How to Get Rid of Crane Flies That Look Like Mosquitos

Crane flies belong to the largest family of true flies in the world, the Tipulidae family, which contains over 14,000 crane fly species. More than 500 kinds of crane flies inhabit the United States. The adults resemble overgrown, clumsy mosquitoes with long legs. The wormlike larvae are aquatic or inhabit moist terrestrial habitats such as soil or decaying vegetation. Adult crane flies are harmless and do not bite or sting. Crane flies are primarily beneficial, but a few species have larvae that can damage plants.

Cranefly on kitchen counter
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Frogs, birds, lizards, fish, spiders and dragonflies eat crane flies.

Adult Crane Fly Control

Crane flies are sometimes short-term nuisances because the adults can occur in large numbers, hanging from vegetation and coming to lights at night. They are short-lived and usually don't feed, although they may eat nectar. They last long enough to mate and lay eggs. The best strategy to control the adults is just to wait through their lifespan. In an article he wrote about European crane fly control, Daniel C. Peck of Cornell University advised controlling larvae because the adults are difficult to treat.

Introduced Species

Two economically important species of crane flies native to Europe were accidentally introduced into North America. The European crane fly and the common crane fly occur in various places, including the Pacific Northwest and New York. The larvae, called leatherjackets, feed on plant roots and stems and are pests of lawns and turf. The State of Maine encourages using integrated pest management to control them, with pesticide use a last resort.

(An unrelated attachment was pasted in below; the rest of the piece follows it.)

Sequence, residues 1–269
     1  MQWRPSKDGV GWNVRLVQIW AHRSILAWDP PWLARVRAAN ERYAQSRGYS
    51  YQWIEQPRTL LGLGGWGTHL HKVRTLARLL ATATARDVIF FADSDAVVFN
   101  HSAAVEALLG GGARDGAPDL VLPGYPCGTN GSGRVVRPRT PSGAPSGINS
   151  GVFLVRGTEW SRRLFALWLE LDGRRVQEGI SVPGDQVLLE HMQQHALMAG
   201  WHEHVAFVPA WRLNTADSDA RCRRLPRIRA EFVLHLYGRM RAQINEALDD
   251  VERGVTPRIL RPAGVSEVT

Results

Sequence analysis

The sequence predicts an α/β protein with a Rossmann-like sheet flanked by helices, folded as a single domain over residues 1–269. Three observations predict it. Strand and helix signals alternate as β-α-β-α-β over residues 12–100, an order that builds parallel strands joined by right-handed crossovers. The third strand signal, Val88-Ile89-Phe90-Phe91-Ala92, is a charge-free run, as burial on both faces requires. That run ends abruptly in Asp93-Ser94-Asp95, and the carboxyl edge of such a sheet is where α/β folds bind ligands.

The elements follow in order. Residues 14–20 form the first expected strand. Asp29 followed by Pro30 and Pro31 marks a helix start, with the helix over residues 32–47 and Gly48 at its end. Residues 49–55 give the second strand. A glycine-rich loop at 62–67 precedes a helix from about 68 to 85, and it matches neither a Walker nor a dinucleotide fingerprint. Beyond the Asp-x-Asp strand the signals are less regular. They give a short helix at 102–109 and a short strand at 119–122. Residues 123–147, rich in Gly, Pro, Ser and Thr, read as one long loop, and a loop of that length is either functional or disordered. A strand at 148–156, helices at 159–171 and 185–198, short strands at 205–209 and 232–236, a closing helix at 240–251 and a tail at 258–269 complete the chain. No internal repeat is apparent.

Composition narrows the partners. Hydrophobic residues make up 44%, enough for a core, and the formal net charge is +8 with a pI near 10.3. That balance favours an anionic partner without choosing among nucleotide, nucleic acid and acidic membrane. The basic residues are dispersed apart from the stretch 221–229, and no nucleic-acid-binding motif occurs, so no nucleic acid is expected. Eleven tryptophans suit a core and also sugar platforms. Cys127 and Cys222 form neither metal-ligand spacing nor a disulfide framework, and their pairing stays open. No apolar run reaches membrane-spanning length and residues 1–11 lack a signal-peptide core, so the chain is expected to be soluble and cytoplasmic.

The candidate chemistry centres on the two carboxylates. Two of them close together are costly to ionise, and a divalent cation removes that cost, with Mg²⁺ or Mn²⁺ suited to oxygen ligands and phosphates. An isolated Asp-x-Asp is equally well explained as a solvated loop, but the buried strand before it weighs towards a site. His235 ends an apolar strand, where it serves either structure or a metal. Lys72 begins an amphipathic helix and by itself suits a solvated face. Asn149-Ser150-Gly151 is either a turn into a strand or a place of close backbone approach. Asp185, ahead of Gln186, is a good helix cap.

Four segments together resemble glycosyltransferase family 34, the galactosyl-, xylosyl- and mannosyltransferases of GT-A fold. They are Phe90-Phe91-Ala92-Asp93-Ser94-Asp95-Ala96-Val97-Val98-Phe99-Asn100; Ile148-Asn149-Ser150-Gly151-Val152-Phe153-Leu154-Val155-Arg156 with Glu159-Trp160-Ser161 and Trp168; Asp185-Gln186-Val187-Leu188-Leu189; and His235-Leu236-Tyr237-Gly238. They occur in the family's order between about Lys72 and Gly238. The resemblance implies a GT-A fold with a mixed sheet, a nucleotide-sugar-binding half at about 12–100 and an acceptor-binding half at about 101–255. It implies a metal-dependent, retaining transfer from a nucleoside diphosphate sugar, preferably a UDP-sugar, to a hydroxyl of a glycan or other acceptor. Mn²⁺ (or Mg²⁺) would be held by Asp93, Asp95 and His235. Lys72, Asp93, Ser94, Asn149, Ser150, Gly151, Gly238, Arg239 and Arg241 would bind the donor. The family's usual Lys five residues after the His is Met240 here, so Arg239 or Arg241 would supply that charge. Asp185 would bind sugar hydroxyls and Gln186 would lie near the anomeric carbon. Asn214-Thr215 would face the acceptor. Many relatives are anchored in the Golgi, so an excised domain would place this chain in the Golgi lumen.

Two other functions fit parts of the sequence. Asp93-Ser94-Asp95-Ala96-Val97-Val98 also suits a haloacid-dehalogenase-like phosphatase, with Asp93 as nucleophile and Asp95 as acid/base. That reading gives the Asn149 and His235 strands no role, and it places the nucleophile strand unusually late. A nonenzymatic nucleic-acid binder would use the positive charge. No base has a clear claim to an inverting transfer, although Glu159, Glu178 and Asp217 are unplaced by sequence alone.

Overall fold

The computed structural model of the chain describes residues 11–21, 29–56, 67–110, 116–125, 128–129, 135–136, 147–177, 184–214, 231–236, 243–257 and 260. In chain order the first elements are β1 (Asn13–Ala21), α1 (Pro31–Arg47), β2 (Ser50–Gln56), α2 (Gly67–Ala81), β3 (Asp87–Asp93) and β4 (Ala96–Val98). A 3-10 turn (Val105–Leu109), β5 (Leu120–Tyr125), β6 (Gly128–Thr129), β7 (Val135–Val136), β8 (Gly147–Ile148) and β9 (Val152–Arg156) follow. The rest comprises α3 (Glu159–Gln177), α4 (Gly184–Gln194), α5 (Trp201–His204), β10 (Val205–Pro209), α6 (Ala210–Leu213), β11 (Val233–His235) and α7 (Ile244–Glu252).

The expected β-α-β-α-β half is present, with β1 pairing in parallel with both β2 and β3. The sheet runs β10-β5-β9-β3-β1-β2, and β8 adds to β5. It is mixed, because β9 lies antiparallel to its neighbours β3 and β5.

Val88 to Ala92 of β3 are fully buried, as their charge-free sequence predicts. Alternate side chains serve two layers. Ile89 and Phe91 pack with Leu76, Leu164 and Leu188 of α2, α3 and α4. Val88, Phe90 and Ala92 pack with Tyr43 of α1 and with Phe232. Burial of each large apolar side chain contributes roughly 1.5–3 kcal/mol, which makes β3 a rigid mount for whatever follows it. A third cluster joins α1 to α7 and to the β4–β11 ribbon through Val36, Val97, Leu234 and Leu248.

Integrated Pest Management

Rake leatherjackets from lawns at night when they come to the surface to feed. Another control method is to soak an area of lawn, cover it with a tarpaulin and then collect and destroy the larvae that come to the surface under the tarpaulin to escape the excessive soil moisture. Encourage the larvae's natural enemies, such as birds and predaceous beetles. Remove excess thatch from lawns because the larvae feed primarily right below the thatch. Kill the larvae right after they hatch from the eggs by not watering the lawn during fall. Biological control agents include the nematodes Steinernema feltiae and Steinernema carpocapsae, and a fungus, Beauveria bassiana. Limit local populations of terrestrial crane fly species by removing layers of decaying leaves and areas of other decomposing, moist vegetation.


In New York, imidacloprid and trichlorfon resulted in 73 to 87 percent control against European crane flies when used in spring or fall. Pesticide is most effective against the larvae when applied to coincide with egg laying; the common crane flies lay eggs during spring and fall, and the European crane flies lay eggs only in fall. The effectiveness of carbaryl and chlorpyrifos was more variable than that of imidacloprid and trichlorfon in New York. University of California Pest Management Online, however, lists carbaryl as most effective against crane flies; it is followed by bifenthrin. Contact a professional for evaluating the use of a pesticide for your lawn because the use of all of these pesticides is restricted to certified applicators. Diazinon, a pesticide used by homeowners before 2004 for turf pest control, is no longer available for home use and not registered for home lawn use because of its toxicity to birds and fish.

Aquatic Species

Near bodies of water, large groups of crane flies that have aquatic larvae can occur. The larvae live at the bottom of streams and lakes, and they are an important part of the ecosystem. Both adults and larvae are food for many animals. Larvae consume live or decaying plant matter, although some eat smaller aquatic insects. Some species are indicators of clean, healthy aquatic environments. Control measures aren't recommended for these native species of crane flies.

Carolyn Csanyi

Carolyn Csanyi began writing in 1973, specializing in topics related to plants, insects and southwestern ecology. Her work has appeared in the "American Midland Naturalist" and Greenwood Press. Csanyi holds a Doctor of Philosophy in biology from the University of Wisconsin at Madison.